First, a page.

Researchers Laura M. Grupp and Steven Swanson from the UCSD Non-volatile Systems Lab and John D. Davis of Microsoft Research collected data from 45 flash chips from 6 manufacturers. Using that empirical data they predict the performance and cost characteristics of future SSDs.
It’s not pretty.
While density, capacity and cost per bit improves with smaller feature sizes, the research found that every other figure of merit - performance, program/erase endurance, energy efficiency, and data retention time - all got worse as feature sizes shrink.
Based on past performance, the team derived equations to describe how changes in feature size have impacted key specs. They looked at SLC, MLC and TLC and feature sizes scaled from 72 nm to 6.5 nm (the consensus smallest feature size published in the International Technology Roadmap for Semiconductors (ITRS0), and assume a fixed silicon budget for flash storage.
Key results include
Latency. MLC write latency will double over time. Triple-level cell writes will grow to over 2.5MS, noticably reducing its performance advantage over disk writes.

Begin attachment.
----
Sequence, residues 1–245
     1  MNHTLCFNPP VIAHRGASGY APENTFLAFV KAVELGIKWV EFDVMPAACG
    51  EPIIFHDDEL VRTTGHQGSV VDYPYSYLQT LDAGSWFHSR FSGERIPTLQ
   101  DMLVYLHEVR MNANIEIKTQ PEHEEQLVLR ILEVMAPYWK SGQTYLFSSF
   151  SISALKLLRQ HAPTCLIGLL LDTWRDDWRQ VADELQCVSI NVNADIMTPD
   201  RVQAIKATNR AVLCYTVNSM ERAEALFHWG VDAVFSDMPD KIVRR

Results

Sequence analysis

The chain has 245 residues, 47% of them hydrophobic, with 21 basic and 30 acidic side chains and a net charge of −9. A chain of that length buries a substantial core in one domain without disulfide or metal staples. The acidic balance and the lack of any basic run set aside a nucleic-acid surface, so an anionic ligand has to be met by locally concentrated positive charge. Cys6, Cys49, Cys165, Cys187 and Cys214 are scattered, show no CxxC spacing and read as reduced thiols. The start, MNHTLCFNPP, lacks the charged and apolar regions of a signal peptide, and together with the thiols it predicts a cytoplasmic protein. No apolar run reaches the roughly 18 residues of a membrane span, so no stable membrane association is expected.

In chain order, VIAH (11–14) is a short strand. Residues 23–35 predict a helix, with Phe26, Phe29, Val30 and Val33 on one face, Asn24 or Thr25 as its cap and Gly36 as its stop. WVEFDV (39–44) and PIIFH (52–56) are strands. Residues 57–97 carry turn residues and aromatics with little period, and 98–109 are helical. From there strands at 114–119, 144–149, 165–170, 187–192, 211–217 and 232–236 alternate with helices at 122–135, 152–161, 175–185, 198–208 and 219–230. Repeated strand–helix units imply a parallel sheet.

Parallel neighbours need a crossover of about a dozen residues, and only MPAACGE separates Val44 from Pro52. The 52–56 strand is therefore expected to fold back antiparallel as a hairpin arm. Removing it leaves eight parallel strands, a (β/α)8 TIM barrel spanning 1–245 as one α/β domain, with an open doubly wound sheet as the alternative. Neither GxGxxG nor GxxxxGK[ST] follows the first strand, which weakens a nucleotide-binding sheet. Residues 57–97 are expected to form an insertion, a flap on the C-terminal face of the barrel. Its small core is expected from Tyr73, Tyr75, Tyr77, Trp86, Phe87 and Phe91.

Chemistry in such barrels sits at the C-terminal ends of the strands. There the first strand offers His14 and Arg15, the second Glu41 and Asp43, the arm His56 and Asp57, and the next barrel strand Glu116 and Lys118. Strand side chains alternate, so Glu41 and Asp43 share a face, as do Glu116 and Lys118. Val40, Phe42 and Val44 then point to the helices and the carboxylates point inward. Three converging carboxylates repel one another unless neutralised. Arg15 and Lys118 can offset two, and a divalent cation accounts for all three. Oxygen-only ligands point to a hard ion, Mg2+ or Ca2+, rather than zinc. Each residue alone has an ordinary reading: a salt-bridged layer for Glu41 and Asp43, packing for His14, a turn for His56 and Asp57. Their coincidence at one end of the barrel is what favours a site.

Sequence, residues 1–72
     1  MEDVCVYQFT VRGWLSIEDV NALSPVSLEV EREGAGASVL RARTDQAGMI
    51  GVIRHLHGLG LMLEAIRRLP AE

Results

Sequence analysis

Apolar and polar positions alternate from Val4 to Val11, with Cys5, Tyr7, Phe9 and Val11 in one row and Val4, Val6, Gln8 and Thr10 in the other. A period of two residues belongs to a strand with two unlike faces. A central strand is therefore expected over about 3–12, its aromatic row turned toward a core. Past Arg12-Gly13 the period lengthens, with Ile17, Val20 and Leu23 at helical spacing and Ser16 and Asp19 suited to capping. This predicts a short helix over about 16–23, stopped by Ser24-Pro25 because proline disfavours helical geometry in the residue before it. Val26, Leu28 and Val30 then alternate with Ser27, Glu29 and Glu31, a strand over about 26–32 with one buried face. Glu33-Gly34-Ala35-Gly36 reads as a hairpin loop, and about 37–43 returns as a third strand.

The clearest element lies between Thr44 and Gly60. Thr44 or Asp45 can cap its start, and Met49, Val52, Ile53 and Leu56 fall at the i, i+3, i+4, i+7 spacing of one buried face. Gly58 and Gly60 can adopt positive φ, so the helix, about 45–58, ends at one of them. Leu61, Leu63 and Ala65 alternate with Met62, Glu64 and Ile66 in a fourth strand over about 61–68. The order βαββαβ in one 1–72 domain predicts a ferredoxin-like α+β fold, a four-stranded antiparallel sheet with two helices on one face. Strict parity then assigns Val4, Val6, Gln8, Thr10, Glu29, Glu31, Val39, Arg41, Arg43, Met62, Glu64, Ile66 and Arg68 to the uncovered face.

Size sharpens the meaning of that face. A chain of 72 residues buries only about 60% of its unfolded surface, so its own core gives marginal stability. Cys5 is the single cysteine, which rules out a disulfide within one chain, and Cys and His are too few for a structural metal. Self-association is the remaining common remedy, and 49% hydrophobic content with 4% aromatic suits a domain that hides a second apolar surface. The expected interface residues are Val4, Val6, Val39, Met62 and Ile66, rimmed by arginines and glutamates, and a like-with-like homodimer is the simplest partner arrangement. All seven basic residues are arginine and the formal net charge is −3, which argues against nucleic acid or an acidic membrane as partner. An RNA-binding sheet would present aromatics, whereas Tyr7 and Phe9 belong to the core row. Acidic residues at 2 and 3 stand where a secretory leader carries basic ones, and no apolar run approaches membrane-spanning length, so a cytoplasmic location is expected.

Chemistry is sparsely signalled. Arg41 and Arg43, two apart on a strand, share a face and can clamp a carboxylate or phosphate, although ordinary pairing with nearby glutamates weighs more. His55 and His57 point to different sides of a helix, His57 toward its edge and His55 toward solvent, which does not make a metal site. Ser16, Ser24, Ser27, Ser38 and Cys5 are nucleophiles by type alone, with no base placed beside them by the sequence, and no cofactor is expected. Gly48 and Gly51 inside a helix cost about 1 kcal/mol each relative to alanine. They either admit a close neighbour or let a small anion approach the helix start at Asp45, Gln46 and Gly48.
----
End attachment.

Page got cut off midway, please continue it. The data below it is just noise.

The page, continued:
Bandwidth. Small - 512B - read bandwidth and all writes decline by up to 50% over time. The impact is greatest on high-performance SLC flash.
IOPS. MLC flash I/O rates will drop almost in half.
Taken together the research suggests that flash may be not much better than disk in a few short years.
Principalmente com o aumento dos preços dos HDDs por causa das cheias na tailandia os SSDs estão a ganhar algum mercado e não tenho duvidas que brevemente irão ter preços muito mais competitivos do que actualmente têm.
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